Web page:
Augmentative and alternative communication (AAC) offers strategies and assistance for people with severe communication problems that affect the way they talk, use language, read, and write. AAC can include everything from simple picture boards to high-tech speech-generating devices. Some people use AAC their entire lives, while others use them temporarily, such as after a stroke. Children who have poor muscle control for speech use AAC to reduce stress and frustration in communication. Children who have been diagnosed with autism spectrum disorder and have trouble communicating use AAC to express their needs and desires
The audiology and speech-language therapy team at University of Miami Health System provides a complete evaluation and develops a customized treatment plan for your child or teenager. Every child’s needs are different, so your child gets personalized attention to come up with approaches that fit their needs and lifestyle.
Who is a Candidate?
People who use AAC fall into two categories: those with conditions that are present at birth (congenital) and those who develop a condition due to an accident, injury, or illness (acquired). Congenital conditions that may require use of AAC include:
- Cerebral palsy
- Developmental apraxia of speech, a condition that disrupts messages from the brain to the muscles used to speak
- Developmental delays
- Genetic (passed down in families) disorders
- Intellectual disability
Acquired conditions that may require use of AAC include:
- Acquired or traumatic brain injury
- Disability following a surgery, such as glossectomy (removal of all or part of the tongue) or laryngectomy (removal of the larynx)
- Neurodegenerative diseases, such as amyotrophic lateral sclerosis (ALS), supranuclear palsy, primary progressive aphasia, and apraxia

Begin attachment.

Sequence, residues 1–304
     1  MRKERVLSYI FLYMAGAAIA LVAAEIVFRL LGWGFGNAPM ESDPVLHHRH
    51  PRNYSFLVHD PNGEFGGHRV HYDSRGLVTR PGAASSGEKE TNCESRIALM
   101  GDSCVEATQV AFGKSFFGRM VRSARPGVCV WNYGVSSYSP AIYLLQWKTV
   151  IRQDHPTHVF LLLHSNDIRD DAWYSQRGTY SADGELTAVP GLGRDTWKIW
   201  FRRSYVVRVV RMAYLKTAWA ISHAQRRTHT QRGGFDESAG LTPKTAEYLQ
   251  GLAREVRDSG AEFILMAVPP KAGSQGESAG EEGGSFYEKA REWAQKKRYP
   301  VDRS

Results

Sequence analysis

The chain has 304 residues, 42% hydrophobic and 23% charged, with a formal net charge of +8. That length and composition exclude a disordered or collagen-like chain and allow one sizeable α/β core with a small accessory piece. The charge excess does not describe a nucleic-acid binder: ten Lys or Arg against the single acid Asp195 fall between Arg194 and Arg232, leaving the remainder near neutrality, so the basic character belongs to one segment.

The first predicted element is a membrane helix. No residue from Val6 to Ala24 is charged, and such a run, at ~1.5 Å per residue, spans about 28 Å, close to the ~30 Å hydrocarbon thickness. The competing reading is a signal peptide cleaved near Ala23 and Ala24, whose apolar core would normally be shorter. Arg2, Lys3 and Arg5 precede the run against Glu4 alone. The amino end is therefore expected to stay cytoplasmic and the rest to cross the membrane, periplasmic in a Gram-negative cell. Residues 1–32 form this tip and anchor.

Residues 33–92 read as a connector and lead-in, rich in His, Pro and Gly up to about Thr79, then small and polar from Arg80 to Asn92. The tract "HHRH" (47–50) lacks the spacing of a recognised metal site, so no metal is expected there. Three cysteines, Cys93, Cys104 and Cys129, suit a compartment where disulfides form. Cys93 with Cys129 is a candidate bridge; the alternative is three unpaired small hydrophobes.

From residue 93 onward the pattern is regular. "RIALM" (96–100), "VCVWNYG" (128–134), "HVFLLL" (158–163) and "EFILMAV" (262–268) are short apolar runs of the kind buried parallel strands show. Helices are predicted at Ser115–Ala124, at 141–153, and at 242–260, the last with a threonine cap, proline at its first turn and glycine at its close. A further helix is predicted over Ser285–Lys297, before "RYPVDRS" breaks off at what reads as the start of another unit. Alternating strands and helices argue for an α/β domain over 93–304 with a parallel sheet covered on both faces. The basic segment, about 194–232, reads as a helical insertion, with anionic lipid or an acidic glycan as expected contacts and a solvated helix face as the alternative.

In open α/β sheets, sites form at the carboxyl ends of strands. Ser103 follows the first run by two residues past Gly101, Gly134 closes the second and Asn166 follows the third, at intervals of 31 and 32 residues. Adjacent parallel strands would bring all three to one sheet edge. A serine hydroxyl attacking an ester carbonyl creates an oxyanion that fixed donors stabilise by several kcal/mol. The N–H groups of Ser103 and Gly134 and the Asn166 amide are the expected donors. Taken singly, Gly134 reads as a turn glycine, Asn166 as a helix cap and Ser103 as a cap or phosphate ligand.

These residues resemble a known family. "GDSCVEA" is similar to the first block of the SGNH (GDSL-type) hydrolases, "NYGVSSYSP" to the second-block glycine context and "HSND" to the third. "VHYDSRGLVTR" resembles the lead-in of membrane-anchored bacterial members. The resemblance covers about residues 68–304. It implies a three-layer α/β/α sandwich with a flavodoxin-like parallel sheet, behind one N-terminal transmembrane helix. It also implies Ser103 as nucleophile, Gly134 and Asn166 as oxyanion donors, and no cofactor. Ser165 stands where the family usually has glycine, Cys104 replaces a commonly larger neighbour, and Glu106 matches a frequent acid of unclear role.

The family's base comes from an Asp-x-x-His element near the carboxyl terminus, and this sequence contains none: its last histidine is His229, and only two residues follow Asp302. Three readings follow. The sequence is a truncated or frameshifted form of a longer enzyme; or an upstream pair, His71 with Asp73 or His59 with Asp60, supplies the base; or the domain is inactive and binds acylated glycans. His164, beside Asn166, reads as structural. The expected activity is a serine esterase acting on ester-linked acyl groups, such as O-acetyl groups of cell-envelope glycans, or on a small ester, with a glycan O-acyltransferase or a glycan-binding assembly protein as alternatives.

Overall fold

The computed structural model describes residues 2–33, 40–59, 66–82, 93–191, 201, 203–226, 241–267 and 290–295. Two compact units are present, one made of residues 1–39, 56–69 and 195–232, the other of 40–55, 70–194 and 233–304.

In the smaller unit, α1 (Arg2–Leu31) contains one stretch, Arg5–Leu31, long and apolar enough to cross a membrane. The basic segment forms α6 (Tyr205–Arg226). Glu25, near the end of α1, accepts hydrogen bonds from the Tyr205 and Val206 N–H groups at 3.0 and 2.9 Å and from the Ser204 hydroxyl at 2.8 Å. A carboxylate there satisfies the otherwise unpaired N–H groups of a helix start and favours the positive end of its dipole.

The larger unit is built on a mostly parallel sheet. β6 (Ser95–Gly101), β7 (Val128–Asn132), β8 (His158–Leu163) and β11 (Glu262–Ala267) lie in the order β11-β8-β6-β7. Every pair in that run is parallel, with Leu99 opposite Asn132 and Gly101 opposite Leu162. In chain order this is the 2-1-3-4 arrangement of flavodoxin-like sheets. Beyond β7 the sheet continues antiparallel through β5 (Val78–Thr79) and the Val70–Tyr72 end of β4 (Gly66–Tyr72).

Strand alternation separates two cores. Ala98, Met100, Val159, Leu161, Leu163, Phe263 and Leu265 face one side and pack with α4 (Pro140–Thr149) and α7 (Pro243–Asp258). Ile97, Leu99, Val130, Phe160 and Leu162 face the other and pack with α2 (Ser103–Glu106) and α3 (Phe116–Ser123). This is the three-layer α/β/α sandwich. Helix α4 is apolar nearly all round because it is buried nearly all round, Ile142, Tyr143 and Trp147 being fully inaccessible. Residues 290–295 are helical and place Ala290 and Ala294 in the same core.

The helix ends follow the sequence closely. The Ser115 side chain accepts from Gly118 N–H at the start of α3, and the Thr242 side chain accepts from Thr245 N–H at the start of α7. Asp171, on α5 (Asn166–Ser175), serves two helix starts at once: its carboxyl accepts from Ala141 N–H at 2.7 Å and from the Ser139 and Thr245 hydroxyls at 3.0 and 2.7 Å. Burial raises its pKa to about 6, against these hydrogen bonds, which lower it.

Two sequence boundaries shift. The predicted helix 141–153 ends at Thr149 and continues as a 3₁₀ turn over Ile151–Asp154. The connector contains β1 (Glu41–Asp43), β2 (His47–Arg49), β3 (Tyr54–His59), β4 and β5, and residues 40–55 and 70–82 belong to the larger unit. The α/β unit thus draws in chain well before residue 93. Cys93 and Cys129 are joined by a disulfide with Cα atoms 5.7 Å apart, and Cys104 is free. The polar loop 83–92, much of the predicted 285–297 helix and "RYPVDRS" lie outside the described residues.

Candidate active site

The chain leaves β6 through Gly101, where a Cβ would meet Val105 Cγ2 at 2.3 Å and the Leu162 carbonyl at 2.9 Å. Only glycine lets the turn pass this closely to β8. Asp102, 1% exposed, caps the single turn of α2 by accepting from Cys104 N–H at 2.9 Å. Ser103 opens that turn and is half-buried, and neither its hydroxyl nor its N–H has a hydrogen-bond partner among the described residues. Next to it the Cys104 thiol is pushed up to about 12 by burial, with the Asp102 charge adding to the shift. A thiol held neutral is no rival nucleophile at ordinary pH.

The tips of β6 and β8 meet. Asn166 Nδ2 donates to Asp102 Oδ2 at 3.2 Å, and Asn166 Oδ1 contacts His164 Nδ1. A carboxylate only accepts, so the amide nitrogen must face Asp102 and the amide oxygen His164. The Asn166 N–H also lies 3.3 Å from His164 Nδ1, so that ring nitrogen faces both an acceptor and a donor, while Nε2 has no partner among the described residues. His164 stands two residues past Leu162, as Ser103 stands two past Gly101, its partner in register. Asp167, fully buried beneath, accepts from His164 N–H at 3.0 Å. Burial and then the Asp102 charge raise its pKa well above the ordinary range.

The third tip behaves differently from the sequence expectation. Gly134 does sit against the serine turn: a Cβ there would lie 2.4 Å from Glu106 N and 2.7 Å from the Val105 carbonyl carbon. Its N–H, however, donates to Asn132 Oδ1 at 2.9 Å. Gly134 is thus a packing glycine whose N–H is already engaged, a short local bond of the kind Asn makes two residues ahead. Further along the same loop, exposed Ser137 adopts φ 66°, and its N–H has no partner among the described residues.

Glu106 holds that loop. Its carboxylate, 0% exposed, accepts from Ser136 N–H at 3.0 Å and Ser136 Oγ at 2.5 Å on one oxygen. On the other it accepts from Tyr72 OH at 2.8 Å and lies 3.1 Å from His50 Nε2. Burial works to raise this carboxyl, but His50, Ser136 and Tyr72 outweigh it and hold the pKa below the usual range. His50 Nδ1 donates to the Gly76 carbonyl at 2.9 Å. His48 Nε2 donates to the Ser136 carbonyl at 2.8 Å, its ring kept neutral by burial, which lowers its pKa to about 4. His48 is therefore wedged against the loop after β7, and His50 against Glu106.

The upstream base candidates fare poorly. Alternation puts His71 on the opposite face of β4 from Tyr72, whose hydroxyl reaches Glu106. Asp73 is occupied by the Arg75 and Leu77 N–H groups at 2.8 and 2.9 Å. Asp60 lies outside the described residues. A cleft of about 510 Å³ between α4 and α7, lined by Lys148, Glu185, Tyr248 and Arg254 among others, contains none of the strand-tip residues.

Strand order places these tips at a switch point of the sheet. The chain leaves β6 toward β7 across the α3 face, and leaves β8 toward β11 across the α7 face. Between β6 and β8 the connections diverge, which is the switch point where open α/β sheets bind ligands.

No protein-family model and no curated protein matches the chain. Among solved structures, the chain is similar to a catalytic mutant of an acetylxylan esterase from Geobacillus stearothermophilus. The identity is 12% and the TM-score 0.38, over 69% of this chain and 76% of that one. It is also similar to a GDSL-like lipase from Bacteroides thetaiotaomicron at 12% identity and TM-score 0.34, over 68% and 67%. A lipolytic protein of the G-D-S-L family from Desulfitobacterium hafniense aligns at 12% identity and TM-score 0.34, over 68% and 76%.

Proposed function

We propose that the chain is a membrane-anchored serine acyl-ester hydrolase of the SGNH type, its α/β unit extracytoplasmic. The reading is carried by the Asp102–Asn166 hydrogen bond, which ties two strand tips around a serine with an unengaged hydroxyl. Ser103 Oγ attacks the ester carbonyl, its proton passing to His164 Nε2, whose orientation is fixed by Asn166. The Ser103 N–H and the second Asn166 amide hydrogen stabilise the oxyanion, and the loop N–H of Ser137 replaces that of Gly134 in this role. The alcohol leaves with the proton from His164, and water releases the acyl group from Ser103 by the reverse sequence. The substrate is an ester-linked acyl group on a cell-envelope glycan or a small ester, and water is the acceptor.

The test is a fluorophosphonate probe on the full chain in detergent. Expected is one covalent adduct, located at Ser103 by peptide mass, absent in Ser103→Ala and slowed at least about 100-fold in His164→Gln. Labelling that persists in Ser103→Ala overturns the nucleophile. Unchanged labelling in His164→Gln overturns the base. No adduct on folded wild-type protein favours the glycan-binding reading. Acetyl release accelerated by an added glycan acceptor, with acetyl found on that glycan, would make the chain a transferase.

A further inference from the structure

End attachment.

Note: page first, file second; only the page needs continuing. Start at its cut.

- Temporary critical care situations, such as when a breathing tube is required
What to Expect
There are two broad categories of AAC:
- Aided AAC: Uses a device or object. It can be a high-tech device — such as a smartphone, tablet, or computer — or a low-tech aid — such as objects, photographs, writing, communication boards, or books.
- Unaided AAC: Uses body language, facial expressions, gestures, sign language, or vocalized sounds.
Our audiology and speech-language therapy team work with your child to determine what’s right for them. We involve the entire family and allow you and your child to explore different communication aids to determine what works best for you. We provide education, training, and access to tools that help your child communicate in a variety of situations and environments. Together, we discover ACC strategies that allow your child to communicate successfully and confidently.
Why Choose UHealth?
World-class health care for children. Children and their families come from all over the world to receive top-quality care from our compassionate team of pediatric specialists. Your child will receive personalized attention from doctors who are sought out for their expertise.
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